In fact, I squandered a lot of energy stewing over other people’s opinions of me, and insisting that I’d feel better if only they could see the light. But these days I believe that everyone who unglues me is a “secret doctor” on a special mission from the universe sent to diagnose a self-inflicted ache within my psyche. It’s best not to argue with those “secret doctors” or seek to change their career choices or ability to comprehend your bravery and heroic potential. Wrestle with yourself, if you must, in the privacy of your own mind. Have lunch, dinner, and group therapy with your doubts for as long as it takes to find certainty and harmony within. This can take some time, which is another reason why you’ll want to cut short those heated and depleting debates with others.
Years into my current career, I had an experience that showed me the glory and power of coming to peace with yourself. At a favorite Chinese restaurant, Richard, the high-strung owner from New York City, came by our table to chat.“What you do for work?” he asked, nodding to me. I told him about personal growth writing and creativity coaching, support groups and retreats. His eyes glazed over. “She used to practice law,” piped up my loving companion, eager to uphold my honor. “She graduated from Harvard Law School.” Now Richard stared at me as though I had killed an infant with a butcher knife and had come in gloating over my recreational wantonness. “You no practice law now?” he asked, still staring at me. I tried to shovel in some fried rice so I obviously couldn’t talk and might also look like someone who loved his food and would come back often with lots of rich and hungry friends if only he would walk away and not raise his voice again.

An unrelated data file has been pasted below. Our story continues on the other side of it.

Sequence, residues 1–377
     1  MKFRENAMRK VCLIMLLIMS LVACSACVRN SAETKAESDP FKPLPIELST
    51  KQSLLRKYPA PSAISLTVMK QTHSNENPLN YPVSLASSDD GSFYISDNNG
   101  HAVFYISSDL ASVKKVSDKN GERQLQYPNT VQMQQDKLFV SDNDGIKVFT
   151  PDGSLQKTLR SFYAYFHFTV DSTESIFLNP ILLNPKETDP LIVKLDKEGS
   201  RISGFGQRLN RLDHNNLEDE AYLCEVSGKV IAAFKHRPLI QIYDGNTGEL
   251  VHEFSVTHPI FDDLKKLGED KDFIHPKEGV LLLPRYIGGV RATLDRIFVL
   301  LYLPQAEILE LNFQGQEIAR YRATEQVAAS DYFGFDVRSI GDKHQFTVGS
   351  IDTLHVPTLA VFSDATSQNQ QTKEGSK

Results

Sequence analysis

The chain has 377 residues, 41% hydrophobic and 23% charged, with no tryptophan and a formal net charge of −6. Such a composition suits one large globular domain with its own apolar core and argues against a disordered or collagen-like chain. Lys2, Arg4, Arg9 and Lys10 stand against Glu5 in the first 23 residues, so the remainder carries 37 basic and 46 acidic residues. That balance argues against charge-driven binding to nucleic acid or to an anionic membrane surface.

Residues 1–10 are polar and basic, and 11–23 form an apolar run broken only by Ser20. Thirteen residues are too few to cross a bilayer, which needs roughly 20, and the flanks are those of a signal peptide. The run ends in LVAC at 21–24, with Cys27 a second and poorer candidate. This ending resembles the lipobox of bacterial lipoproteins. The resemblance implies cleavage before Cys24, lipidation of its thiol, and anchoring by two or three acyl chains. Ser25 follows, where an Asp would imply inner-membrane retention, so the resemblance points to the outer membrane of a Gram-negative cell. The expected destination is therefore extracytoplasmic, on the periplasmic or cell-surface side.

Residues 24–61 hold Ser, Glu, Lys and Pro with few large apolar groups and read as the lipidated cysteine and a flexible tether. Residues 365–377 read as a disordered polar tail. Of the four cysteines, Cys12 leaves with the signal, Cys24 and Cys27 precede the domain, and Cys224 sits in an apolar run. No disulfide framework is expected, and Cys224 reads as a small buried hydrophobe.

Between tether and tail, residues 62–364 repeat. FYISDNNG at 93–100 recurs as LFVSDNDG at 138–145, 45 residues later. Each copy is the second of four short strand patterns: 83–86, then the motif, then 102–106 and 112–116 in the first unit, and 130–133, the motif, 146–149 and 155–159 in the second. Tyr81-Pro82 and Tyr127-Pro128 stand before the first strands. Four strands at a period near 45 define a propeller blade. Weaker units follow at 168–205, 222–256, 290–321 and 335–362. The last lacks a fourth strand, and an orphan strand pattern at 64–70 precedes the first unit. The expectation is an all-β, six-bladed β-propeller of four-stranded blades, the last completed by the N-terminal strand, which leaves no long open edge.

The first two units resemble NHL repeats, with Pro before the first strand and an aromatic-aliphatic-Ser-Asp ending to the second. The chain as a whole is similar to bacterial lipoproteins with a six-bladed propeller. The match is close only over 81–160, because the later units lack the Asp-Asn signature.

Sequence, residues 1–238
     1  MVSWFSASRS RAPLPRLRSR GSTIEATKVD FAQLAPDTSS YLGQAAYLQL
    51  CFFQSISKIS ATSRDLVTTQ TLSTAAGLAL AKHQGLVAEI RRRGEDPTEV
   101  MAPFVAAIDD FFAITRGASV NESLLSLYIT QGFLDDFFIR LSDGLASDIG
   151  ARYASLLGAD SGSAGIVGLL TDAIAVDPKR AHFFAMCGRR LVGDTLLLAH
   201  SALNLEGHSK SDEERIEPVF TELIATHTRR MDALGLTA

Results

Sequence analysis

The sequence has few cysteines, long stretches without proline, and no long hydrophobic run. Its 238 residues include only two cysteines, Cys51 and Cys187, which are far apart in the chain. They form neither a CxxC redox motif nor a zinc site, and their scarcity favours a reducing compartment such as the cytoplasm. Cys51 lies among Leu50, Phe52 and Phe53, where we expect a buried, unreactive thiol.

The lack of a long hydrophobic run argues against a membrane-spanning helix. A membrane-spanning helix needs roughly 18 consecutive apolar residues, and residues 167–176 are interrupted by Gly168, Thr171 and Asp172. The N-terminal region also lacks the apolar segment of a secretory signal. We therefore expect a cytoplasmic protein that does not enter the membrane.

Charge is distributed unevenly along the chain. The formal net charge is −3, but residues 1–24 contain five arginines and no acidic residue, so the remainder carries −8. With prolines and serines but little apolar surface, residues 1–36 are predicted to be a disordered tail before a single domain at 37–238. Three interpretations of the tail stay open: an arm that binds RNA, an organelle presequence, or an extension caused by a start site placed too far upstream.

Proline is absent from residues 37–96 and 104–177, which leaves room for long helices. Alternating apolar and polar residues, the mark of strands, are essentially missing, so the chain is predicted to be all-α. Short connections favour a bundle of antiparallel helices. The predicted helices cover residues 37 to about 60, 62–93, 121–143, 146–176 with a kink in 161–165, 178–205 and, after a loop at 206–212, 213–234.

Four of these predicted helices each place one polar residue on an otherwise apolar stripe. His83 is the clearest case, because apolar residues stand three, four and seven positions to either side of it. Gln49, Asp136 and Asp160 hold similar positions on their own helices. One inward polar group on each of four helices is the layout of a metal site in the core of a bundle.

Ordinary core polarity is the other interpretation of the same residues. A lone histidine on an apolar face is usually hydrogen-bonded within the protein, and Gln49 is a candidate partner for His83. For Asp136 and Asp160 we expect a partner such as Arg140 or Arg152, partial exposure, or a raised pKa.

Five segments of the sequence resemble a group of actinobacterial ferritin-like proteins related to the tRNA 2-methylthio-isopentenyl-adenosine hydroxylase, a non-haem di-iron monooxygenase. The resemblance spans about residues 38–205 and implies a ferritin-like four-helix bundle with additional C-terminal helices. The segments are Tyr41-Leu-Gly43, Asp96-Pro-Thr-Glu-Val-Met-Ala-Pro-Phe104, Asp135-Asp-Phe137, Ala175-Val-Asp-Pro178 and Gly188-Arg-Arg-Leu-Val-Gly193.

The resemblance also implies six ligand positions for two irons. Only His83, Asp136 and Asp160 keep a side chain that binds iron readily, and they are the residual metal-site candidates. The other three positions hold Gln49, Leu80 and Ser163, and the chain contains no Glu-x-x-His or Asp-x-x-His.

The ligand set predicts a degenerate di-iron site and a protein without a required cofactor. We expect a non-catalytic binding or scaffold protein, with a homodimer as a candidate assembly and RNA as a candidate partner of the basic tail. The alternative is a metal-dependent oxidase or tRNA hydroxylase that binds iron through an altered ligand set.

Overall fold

My plan failed. Richard’s eyes bulged as he saw in his mind’s eye the money lawyers effortlessly rake in with their feet up on the desk, as opposed to his fourteen hours a day of sweating oyster sauce and fortune cookies. “What a waste,” he said. “What a waste. How your parents feel? You no practice law now? What a waste.” I was glad he managed to refrain from spitting on me, dragging me through the kitchen’s metal doors and deep frying me, or calling my parents on the spot to address their failure as human beings as well as mine.